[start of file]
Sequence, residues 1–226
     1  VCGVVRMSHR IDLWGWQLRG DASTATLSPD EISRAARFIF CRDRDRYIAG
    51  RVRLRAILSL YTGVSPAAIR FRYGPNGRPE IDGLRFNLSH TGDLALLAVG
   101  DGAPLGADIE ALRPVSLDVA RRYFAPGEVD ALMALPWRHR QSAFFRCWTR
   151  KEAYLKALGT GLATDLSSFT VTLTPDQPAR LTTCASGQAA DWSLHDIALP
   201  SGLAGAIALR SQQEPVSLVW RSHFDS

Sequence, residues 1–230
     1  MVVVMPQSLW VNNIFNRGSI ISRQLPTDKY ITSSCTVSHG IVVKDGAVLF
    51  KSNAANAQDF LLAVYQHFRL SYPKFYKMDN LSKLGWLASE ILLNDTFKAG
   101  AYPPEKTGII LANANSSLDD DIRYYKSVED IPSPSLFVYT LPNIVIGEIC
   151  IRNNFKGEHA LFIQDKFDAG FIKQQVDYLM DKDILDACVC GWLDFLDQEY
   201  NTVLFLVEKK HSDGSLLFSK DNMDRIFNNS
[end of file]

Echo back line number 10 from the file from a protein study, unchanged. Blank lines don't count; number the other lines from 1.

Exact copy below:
   101  AYPPEKTGII LANANSSLDD DIRYYKSVED IPSPSLFVYT LPNIVIGEIC